Note that in the Azzerad book, Kurt quotes Dave’s father as suggesting that there’s some psychological meaning behind the fact that the first three Nevermind songs mention guns. Kurt says it’s an accident, or there’s no meaning that he can discover, although he’s tried. And although I suppose it’s possible that Grohl’s dad told that to Kurt himself, I doubt it, most likely he told it to Dave who told it to Kurt. In other words, they discussed the lyrics and the fact that everyone was trying to find meaning in them. But since Kurt’s own perception was that it was far from deliberate, I think that is what Grohl went with. If Kurt had insisted that an alien spirit possessed his body five minutes before the recording and he finished the lyrics through a process of automatic writing, I have a hunch that Grohl would have gone with that, too.

      • nsoulsby says:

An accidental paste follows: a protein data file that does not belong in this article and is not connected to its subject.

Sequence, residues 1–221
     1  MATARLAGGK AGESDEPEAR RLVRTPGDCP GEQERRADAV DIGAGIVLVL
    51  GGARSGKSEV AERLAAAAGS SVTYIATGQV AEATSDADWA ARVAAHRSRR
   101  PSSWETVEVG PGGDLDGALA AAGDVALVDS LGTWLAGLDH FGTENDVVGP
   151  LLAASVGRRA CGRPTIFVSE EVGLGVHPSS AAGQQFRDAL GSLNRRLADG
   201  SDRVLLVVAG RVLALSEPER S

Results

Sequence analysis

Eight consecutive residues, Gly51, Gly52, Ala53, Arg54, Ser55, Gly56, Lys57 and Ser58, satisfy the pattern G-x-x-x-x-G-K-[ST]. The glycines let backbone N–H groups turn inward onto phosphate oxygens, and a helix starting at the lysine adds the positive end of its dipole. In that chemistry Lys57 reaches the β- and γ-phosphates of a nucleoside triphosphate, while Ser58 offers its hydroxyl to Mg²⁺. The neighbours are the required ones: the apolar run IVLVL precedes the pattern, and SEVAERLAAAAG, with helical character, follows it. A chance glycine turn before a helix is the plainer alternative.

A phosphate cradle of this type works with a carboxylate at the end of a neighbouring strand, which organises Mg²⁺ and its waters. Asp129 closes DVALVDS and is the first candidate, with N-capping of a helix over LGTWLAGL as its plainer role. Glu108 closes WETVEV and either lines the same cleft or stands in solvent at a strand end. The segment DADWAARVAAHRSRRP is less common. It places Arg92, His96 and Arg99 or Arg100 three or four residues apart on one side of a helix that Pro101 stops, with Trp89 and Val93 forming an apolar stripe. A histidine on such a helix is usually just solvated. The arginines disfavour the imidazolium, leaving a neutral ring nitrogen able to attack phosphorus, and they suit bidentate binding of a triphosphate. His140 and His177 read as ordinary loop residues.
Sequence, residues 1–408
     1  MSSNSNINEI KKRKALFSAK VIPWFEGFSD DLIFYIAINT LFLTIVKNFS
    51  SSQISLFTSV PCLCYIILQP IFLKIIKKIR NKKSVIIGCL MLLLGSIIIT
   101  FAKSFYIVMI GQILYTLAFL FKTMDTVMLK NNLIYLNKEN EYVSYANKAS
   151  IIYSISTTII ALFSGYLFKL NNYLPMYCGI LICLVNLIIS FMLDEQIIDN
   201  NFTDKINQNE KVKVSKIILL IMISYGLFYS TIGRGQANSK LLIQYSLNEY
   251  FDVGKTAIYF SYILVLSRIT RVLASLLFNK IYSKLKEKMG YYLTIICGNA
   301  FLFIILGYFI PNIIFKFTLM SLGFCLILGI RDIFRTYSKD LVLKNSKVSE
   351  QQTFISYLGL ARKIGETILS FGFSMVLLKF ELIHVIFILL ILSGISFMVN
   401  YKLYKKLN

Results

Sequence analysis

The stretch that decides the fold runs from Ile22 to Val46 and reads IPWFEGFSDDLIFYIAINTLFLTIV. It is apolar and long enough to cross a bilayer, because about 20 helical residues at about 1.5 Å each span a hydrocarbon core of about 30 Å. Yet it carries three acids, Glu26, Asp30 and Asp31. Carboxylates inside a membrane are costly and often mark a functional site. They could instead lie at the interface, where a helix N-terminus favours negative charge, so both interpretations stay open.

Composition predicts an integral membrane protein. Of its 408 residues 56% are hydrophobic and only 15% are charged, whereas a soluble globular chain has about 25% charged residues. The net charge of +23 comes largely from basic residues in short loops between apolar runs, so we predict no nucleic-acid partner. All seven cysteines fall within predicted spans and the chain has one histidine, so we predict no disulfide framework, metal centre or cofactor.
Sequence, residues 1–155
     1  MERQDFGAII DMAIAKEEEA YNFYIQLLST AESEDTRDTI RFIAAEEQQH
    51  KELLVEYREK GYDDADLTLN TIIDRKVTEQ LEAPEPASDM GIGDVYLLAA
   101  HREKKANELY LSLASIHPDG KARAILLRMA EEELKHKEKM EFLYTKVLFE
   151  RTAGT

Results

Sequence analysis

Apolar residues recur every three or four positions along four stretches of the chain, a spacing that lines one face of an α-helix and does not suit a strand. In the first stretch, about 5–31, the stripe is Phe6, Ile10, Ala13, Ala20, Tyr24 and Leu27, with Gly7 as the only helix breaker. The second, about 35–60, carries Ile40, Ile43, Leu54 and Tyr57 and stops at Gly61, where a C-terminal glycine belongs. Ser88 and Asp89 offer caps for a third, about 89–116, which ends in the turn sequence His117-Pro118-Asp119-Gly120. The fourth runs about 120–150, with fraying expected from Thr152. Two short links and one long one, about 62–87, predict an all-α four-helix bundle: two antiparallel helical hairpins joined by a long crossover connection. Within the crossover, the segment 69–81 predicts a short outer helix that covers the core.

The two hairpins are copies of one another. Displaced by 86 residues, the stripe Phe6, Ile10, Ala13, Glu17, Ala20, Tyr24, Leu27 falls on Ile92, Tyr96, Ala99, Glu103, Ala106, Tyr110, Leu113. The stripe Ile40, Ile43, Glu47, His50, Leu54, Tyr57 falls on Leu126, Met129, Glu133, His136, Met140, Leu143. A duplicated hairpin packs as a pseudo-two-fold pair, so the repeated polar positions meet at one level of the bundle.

My feeling would be that, to some extent, that’s just what friends do for one another – you back up and reinforce your comrade regardless of what’s going on behind the scene; you learn where to moderate yourself a bit rather than just being their full on opponent over and again…Then, you speak truth when you’re alone with one another. I dunno. Your description is right – that Grohl clearly thought an awful lot of Cobain, that his endless positive vibe side came out more after but he was always jolly…

  3. patrick j says:

    and forgot to mention…im a twin so i’d be more prone to consider it.

  4. Patricia says: